The NBA's trade deadline came and went quietly in Chicago, with the Bulls almost begging the Houston Rockets to deal shooting guard Courtney Lee for a handful of draft picks.
While most Bulls fans agree that this year's team could use a better shooting guard, not overpaying for an underwhelming player is in the team's best interests.
In the wake of the trades that did take place, including the shocking deal sending point guard Deron Williams to New Jersey, the Bulls may be in position to launch an epic dynasty. They're just one trade away...
When the selfish, ring-less stars in the NBA started forcing deals, it may have played perfectly into the hands of the Bulls to make a bold statement and make an epic trade that blows the rest of the league out of the water for the next decade.
LeBron James blowing off Cleveland and Chris Bosh blowing off Toronto this past summer made every general manager in a small market look in the mirror. The fact that these two stars would walk away from the team that drafted them - in James case, his hometown - and leave them begging for table scraps is a strong indication of the current reality in the NBA: the asylum is being run by the inmates.
Every small market general manager soiled their shorts at this, and the first team to act on this new fear was the Denver Nuggets. They pimped their superstar, Carmelo Anthony, on the league until they got the best value possible from the New York Knicks.
The return for Anthony ended up being five role players, one 1st round draft pick, one 2nd round draft pick, and $3 million.
This move, and the laughable "negotiations" that took place between the Nuggets, Nets and Knicks, led other GMs to begin evaluating their young stars.
In a shocking move, the Utah Jazz decided to move one of the best point guards in the league, Williams to the Nets after New Jersey had failed to land Anthony.
The return for Williams was a starting point guard, a 2010 lottery pick, two 1st round draft choices and $3 million.
Here is how these two deals create a foundation for the Chicago Bulls to become the next great dynasty in the NBA.
The Bulls have the league's MVP this season in Derrick Rose. He showed that on Thursday night when he led the Bulls to a dramatic win over LeBron, Bosh and the Miami Heat. He's for real.
With Luol Deng, Joakim Noah and Carlos Boozer on board, the Bulls have some strong pieces in place to be good for quite some time. But moving one of these players could be enough to make all the difference in the world.
One of the big names (and bodies) that is 15 months away from free agency is Orlando's Dwight Howard. Reports are already swirling that he will not re-sign with the Magic after this contract is up after the 2011-12 campaign.
The Bulls have the pieces to make an aggressive play for Howard, putting together a package the Magic would certainly have to at least entertain the idea of accepting.
Howard, 25, is the elite power forward/center in the Eastern conference today. Listed at 6-11 and 265 pounds, Howard is one of the most physically imposing players in the league and one of the most athletic big men of this generation.
The simple dream here is putting the fastest, most athletic point guard in the NBA with the most athletic big man in the game for the next decade.
And it could be a reality.
In the next two years, the Bulls could have four first round draft picks; they acquired Miami's 1st round pick in 2011 when they dealt James Johnson to Toronto earlier this week, and own a protected first round pick from Charlotte that could hit as early as the 2012 draft. They also still possess their own picks in the 1st round in each of the next three years.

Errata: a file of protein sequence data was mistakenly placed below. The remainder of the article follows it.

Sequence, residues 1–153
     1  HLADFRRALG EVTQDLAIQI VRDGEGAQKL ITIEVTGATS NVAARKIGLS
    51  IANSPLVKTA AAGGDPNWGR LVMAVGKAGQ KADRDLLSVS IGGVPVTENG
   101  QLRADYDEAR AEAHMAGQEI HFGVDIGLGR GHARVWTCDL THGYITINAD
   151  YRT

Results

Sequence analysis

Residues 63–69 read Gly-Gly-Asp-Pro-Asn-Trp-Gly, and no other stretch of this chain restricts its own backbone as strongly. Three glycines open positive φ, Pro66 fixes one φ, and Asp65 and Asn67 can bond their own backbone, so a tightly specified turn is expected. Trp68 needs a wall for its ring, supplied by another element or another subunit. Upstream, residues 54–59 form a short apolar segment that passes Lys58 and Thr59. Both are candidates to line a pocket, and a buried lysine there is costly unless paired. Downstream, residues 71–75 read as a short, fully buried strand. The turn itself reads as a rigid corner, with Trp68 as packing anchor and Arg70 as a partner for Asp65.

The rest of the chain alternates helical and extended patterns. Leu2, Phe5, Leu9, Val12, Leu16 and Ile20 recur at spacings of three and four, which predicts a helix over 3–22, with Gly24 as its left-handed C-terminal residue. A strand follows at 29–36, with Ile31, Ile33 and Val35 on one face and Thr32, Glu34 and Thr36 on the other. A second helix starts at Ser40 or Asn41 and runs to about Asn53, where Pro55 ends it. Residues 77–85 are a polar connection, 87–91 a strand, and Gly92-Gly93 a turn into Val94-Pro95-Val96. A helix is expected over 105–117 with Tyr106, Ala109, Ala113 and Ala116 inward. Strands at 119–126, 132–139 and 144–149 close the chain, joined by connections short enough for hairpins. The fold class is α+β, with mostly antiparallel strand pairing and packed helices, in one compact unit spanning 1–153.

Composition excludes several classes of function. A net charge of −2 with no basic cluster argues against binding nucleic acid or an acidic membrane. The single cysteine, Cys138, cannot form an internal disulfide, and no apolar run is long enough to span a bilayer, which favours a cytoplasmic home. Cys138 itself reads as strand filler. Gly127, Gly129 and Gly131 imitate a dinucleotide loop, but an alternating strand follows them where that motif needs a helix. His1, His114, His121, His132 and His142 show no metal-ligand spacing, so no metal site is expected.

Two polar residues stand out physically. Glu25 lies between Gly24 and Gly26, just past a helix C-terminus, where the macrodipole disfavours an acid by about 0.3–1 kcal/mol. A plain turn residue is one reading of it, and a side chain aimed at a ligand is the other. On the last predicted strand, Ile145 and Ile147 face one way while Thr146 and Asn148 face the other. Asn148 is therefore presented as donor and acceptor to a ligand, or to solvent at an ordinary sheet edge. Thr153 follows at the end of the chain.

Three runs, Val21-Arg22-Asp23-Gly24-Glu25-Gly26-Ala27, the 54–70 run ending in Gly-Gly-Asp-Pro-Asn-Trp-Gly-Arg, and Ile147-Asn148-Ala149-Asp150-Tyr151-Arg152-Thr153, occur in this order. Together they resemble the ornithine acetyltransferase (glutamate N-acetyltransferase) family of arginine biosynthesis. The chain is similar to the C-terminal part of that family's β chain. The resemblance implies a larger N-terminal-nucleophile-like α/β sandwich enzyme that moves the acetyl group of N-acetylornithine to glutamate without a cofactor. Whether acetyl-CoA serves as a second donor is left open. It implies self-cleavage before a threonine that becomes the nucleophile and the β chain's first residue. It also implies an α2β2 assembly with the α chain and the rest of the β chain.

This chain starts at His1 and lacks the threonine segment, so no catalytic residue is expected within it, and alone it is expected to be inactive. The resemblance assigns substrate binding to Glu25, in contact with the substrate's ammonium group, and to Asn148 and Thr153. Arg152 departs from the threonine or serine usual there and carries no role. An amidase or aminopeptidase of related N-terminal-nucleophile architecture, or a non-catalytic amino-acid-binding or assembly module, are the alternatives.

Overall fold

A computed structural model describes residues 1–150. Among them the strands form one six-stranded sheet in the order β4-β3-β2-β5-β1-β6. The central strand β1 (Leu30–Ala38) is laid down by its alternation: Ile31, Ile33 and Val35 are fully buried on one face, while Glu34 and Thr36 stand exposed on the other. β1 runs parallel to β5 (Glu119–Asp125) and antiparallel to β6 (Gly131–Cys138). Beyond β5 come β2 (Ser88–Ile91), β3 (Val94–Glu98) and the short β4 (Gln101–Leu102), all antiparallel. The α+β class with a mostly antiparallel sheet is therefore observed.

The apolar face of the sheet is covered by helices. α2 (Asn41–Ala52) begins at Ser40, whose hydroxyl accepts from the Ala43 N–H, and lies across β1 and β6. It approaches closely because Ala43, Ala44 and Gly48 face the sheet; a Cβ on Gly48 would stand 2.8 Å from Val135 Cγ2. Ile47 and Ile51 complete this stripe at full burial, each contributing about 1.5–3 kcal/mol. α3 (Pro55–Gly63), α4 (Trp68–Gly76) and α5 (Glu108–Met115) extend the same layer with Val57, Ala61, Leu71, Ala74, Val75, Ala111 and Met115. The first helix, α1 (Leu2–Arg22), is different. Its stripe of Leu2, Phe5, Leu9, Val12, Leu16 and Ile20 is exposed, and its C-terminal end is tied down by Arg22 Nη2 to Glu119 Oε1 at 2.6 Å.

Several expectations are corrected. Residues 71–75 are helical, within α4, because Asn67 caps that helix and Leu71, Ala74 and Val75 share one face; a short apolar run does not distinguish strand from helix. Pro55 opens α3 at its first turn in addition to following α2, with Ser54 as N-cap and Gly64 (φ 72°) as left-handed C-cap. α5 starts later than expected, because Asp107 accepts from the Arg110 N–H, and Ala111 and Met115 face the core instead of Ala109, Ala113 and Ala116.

The Bulls could package one of their starting big men - either Noah or Boozer - with three first round picks in a deal for Howard.
Consider the value going back to Orlando.
Either Noah or Boozer, both under contract, would be a better player than anyone involved in either the Anthony or Williams trades. Certainly the Magic would have to consider replacing their big man with an NBA starter, especially one the quality of either Noah or Boozer.
Considering his collegiate career at Florida, Noah might be a popular buy in the PR department in Orlando.
The kicker on this deal, though, is the picks.
Denver received one first round pick for Anthony. Utah received two for Williams. If the Magic were offered three first round picks on top of an All Star-caliber player, it would blow away the value either Denver or Utah received.
But take a step back as a Bulls fan. The knee-jerk reaction is to say "OMG! Three first round picks?!? No way!"
Think about it, though. Both the Bulls and Heat's first round picks in 2011 will be in the mid- to late-20s, certainly not where elite talent comes off the board in most drafts. Add to that the reality that the 2011 Draft doesn't appear to be overly strong, and what caliber talent are the Bulls potentially giving up on? Not much.
If the Bulls deal their first round pick in 2012, that would likely be the 30th pick in the first round; adding Howard to Noah/Boozer, Deng, Rose and Helen Keller is good enough to win. That lineup includes two of the top 10 players in the NBA and role players that can get you 18-20 points per night.
And while there may be come concern that Howard wouldn't re-sign in Chicago, any big man would have to be suffering from serious mental issues to not want to play with Rose for the next decade.
This deal is ultimately not asking for the Bulls to sell their souls, as the Knicks and Nets did, to acquire a star. Indeed, the Bulls might be good enough as-is to win a championship in the next couple years.
But adding Howard to a roster with Rose? Oh my!